First things first: Forget about the traditional two-song audition repertoire of an uptempo number and a contrasting ballad. These days, you need to have a “book” of songs. Veteran conductor and musical director Kristen Blodgette, who’s waved the wand for “Chitty Chitty Bang Bang,” “The Woman in White,” and “The Phantom of the Opera” on Broadway and Stephen Sondheim’s “Bounce” on tour (and whose next Broadway gig is “Love Never Dies,” the “Phantom” sequel), says you need at least five songs you are well-prepared to sing at any audition: “your uptempo, your ballad, and your ‘What else do you have?’ ” She defines the last category as something “quirky, storytelling, or unique.”
Michael Lavine, with more than 25 years’ experience as a vocal coach working with such luminaries as Sutton Foster, Alexa Vega, and Charles Busch, agrees and goes even further. “You need one of every possible musical style,” he says, because musical theater has become so diverse. “Big band, disco, Motown, country, cabaret songs, TV or movie themes, 1980s rock” are just a few he enumerates.
So how do you decide on the songs that are right for you? According to Blodgette, “One of the most important things is to sing something you love to sing. So many people come in and they have the high notes, the low notes, the volume, the timbre. There’s so much talent out there. But whether something you do reaches across the table, and thus across the footlights, seems to be greatly influenced by whether or not you are comfortable in your own skin and have something to convey that harnesses my attention.”
Lavine has an interesting prescription for choosing your material: “Read the lyrics first. Divest yourself of the melody. See if the words are right for you.” That’s because he thinks people are too easily seduced by a good melody or by the musical opportunities a song provides for showing off. Blodgette concurs: “A bedazzling B-flat with nothing behind it won’t best an earnest and touching rendition of ‘Anyone Can Whistle,’ which has a limited range.”
But where do you go to find songs? Blodgette says, “If you’re not well-versed in the repertoire, work with a vocal coach to help you find material that’s right for you. And go to the theater. See what you like and what works. Immerse yourself in your art and what you love.” There are also books of audition songs out there, just like books of monologues. A new set from composer and musical director Michael Dansicker comes out June 1 under the title “The Singer’s Musical Theatre Anthology—16-Bar Audition,” with volumes for each voice type.
Lavine says you needn’t spend money to find material. He suggests visiting a record store, such as J&R Music World in Manhattan or Record Surplus in West Los Angeles, with a large collection of original-cast CDs. He says to browse them from A to Z and write down the names of shows and titles of songs that catch your interest. Then check them out at the library, where you can also go through musical scores. In addition, there’s always the Internet. “Go to Amazon.com or IBDb.com, the Broadway database,” says Lavine. He also recommends going “to BackStage.com and looking at every single audition notice, even for shows that aren’t right for you. Write down any style of genre, because it will eventually come up.”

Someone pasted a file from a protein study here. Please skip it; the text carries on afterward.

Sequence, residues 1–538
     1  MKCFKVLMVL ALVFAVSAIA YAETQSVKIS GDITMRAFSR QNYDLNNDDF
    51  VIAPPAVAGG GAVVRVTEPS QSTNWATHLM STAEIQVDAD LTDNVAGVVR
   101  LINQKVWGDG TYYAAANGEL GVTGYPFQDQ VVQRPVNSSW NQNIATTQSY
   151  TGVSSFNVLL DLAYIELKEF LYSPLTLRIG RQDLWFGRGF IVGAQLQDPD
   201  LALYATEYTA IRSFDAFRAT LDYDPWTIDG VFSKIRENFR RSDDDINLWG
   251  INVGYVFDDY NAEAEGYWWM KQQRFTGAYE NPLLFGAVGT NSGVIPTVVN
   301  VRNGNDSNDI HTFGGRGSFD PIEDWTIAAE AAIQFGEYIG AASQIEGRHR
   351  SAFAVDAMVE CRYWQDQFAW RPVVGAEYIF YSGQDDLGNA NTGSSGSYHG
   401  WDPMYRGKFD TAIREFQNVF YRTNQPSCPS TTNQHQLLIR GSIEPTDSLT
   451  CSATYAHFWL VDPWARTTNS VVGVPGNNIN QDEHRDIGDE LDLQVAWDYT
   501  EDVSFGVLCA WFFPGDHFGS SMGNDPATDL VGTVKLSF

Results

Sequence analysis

And then there’s video. “Another site is BlueGobo
.com, for anything performed on TV—’Regis and Kelly,’ the Tony Awards, ‘The View,’ going back to the 1940s,” says Lavine. “You can see the original bench scene from ‘Carousel’ with the original stars. In many cases, you can see the original cast, sets, and context. You can do this from your own home at 3 a.m. At BlueGobo, you could spend six months going through everything.” For unusual or unknown material, he suggests YouTube: “Every kid in conservatories across the country has recorded their favorite song, and it’s free. You’ll see things that have not been published or recorded, from new composers who don’t have record deals. There was a new musical, ‘Me and My Dick,’ done at a college in Michigan, that’s become a phenomenon on YouTube.”
And though the increase in rock musicals makes more and more theatrical rock available for auditions, if you are set on choosing something not from a show, Lavine says to “look at the best of their generation: Elton John, Carole King, Simon and Garfunkel, the Beatles. People who wrote what I call melodic rock: actable lyrics and clean melodies, where you can create a character in a rock song.” Finally, says the man with one of the largest collections of sheet music and vocal scores extant, you can email him at BroadwayMHL@aol.com and pick his highly knowledgeable brain.
Once you have a book filled with choices, how do you decide what to sing for a specific audition? “Consider what it is you are auditioning for,” says Blodgette. “Does the score require a great deal of vocal technique? Is the show contemporary? In period? It really helps if you look like you care.”
Lavine emphasizes how important it is that you know your type and warns you to “make sure others perceive you as you perceive yourself. Get feedback about your correct type or types.” Ultimately, diversity is your secret weapon. As Blodgette puts it, “Those behind the table work hard. If we sense potential, if our attention is initially grabbed, it’s our job to explore and look for what we need to hear.” But if you’re not ready, they won’t hear it.